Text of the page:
It's Halloween, and I am under attack by all the scary, beautiful, and definitely interesting creatures gracing my front porch. It is only I and my trusty Boston Terrier, Peanut, serving up candy delights to the swarms of children heading up and down our street.
It takes me back to when I was a child, and my parents and parents of our neighbors and friends would take a group of us out when we were small, traveling together in a pack, and scoring big! The porches we stepped onto were familiar porches, the folks answering the door and handing out candy and apples were also. We did not worry about straight pins or needles in our treats. Never was there a care of dangerous substances either. No, we had absolute trust in our neighbors, and so did our parents.
We also, in our tight and sweet community, did not worry about traffic. People were not always out and about in the evenings as they are now. And it seemed like they had the added sense to know that kids and pets lived on the streets of our neighborhood. Some of us lived on Shannon Ave, and others lived on May and Marietta. Then there were kids we knew on South Shannon Ave. It was a super nice neighborhood filled with super nice people. No, we never knew a worry or a care. Only excitement for Trick or Treating!
Things are different now. I could go back to that same neighborhood, and while I would recognize the houses, some of the trees, and all the streets, I think it's a fair bet to say I would not know a single person. If I had a child who wanted to go Trick or Treating, I would not feel safe allowing them to step on those porches. I would have to inspect any candy, and I would worry frightfully that they would dart away from me into traffic. Yes, it's quite different now.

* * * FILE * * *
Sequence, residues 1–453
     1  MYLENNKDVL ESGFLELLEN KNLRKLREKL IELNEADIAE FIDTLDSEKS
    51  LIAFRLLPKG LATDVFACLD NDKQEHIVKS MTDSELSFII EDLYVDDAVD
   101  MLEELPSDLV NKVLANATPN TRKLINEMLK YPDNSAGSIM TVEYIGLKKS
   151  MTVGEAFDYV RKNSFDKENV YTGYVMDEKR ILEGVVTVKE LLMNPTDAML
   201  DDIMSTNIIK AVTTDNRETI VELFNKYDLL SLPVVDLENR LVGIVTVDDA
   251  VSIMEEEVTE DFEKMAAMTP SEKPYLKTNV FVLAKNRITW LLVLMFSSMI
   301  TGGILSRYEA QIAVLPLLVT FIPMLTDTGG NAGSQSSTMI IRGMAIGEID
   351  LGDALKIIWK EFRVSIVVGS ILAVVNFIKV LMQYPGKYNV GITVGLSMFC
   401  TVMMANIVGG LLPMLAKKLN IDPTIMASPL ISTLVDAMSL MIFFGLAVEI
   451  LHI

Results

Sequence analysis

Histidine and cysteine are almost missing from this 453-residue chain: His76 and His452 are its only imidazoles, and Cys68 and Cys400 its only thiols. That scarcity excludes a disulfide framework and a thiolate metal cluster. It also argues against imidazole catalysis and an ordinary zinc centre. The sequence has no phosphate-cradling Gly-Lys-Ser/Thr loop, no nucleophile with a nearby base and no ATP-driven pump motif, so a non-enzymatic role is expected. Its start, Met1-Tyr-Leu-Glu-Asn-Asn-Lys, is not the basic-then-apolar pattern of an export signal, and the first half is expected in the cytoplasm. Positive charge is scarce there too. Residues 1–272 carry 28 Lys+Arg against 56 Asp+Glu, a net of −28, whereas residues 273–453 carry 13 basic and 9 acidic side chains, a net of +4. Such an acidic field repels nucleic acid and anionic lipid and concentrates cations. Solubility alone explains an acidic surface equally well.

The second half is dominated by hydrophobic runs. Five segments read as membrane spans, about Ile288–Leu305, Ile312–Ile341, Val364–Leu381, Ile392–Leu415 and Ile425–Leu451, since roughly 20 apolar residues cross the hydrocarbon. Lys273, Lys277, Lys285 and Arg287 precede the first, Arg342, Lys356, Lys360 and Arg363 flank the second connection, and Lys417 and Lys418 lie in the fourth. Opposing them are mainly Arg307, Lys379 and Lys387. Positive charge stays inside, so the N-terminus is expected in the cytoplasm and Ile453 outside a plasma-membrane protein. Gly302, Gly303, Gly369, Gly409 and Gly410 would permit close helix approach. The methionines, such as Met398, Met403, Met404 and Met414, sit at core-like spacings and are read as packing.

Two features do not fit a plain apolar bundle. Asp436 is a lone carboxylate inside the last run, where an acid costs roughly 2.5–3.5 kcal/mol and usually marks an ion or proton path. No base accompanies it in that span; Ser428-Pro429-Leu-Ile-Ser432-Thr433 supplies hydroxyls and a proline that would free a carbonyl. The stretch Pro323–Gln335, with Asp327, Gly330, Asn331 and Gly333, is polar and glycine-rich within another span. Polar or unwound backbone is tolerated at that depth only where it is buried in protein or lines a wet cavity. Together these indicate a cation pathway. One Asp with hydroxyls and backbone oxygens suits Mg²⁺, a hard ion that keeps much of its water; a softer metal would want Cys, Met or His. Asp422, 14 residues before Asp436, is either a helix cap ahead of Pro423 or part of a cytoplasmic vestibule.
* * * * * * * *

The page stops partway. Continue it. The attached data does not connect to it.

Of course, I certainly could be wrong about the new people living in the old houses. But still, they are an unknown. There is definitely great benefit to belong to a neighborhood where every house is a safe house, every person is known, and where it is a certainty you will return home safe and sound at the end of the evening.
I watch the kids and the parents in my 'grown up' neighborhood, and I am impressed that they are all polite, the kids are well behaved and remember their manners, and the parents stay close by, and then wave and call out 'Thank you!' as they collect their children to move on to the next house. I am counting my blessings that the neighborhood I live in now is like the one from my childhood in many ways.
While we do not believe in Halloween as a holiday, as its beginnings are not the things we believe in as Christians, we do enjoy these kids, and their parents, and give thanks that we are able to step out on our porch and welcome them there to stand with us and spend a bit of time with us. It is a form of hospitality, which can be a rare commodity to find these days!
"Do not forget to entertain strangers, for by so doing some people have entertained angels without knowing it." Hebrews 13:2 (NIV)